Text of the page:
Would the hunt for Rosie Larsen’s killer actually come to an end? How would the dead girl’s family find peace? What does councilman Richmond and his campaign have to do with the murder? And, most importantly: Would we find out the answers to any of these questions by the time the end credits rolled on the finale, or would we be left dangling until season 2?
After having seen the season 1 finale of The Killing, I’m about as conflicted as I’m sure many others out there are. The finale pulled a bold move for serialized TV: sold us the illusion of closure for 59 minutes, before pulling the rug out from under us in the last sixty seconds.
I’m honestly not sure how fans are reacting by now. It’ll be really interesting to see what shape our comment thread takes on this one.
The finale episode, titled “Orpheus Descending” picked up with the (somewhat) startling reveal at the end of the penultimate episode: that councilman Richmond knew Rosie Larsen all along, and was seemingly involved in some kind of sexual affair with the underage girl, via an online escort dating service.
Linden is literally standing in the belly of the beast when councilman Richmond’s dark secret is revealed, and the finale began with a wonderfully creepy scene, in which a quietly-panicking Linden is forced to exchange words with Richmond (his face obscured in shadow), before literally having to push past him and escape. Billy Campbell has done a great job with keeping Richmond shaded in so many colors that we’re never quite sure what to make of the guy. He can be noble or (as we found out in this episode) totally scary.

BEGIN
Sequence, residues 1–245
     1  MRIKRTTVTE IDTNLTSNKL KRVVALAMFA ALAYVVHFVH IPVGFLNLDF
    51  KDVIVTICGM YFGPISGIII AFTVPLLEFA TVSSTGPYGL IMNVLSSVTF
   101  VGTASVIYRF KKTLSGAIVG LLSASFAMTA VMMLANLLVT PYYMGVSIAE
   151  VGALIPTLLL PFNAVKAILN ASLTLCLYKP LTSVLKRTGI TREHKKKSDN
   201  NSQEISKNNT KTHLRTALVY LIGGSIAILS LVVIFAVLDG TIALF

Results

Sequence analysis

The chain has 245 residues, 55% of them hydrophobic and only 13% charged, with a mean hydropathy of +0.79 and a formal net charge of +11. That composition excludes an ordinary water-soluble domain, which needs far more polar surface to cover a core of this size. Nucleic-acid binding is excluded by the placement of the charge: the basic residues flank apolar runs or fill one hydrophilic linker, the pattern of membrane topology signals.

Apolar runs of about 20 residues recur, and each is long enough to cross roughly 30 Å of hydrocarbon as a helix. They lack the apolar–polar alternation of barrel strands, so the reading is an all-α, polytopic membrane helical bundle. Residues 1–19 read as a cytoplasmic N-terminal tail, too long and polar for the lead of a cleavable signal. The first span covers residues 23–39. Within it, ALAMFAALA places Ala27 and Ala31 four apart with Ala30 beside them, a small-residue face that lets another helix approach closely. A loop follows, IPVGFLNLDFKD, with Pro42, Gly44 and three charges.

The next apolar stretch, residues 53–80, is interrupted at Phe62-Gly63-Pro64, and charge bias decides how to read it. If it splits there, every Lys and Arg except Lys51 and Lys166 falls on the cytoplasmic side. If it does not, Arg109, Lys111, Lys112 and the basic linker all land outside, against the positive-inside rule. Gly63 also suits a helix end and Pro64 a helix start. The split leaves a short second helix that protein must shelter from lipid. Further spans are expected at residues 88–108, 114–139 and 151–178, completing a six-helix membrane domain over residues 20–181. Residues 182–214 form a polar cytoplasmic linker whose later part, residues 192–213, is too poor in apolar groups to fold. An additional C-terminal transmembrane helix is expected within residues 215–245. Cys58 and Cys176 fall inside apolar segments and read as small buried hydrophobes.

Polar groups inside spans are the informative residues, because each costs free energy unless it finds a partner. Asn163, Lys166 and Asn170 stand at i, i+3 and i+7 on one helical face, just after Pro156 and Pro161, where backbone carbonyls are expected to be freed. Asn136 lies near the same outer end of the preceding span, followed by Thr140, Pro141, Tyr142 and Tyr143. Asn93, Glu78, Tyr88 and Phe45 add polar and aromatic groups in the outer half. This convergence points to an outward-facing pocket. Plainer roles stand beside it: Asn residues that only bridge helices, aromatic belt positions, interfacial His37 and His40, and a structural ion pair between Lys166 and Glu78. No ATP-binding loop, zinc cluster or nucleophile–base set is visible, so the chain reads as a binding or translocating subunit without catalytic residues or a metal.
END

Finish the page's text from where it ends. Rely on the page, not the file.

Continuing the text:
After the big reveal, detectives Linden and Holder work tirelessly to acquire the necessary clues to bring Richmond down. With a new lead, they go back over all the details of the case and Holder uses some surprising mathematical prowess to trace the path the killer drove before executing Rosie, ultimately discovering the woodland trail we saw the doomed girl fleeing down in the opening moments of the season. A few key clues later – the “coffin nail” being a toll booth photo of Richmond that Holder supplies – the councilman looks all but set for the gallows.
Meanwhile, Stan Larsen got out of jail for his misguided assault on Rosie’s teacher, Bennett Ahmed, but things at home are still on the rocks, so Stan heads off to do some soul-searching. He visits the still-unconscious Ahmed in the hospital, and while there has an exchange about parenthood with a pregnant woman he doesn’t realize is the wife of the man he’s nearly beaten to death. At home, Stan’s wife Mitch is continuing to have a total meltdown – that is until her own father brings her a scrapbook containing all her former hopes and dreams of a life of travel and experience. Grandpa Larsen reminds Mitch that she and Rosie are very much alike, and this seems to settle the troubled mother’s soul a bit (great scene). Stan returns home after his Odyssey is done, and tries to profess his continued love for his wife and their life together…only Mitch can’t live with all the ghosts around her, and decides to leave and find herself (or something like that). Stan lets her go, with serenity and understanding.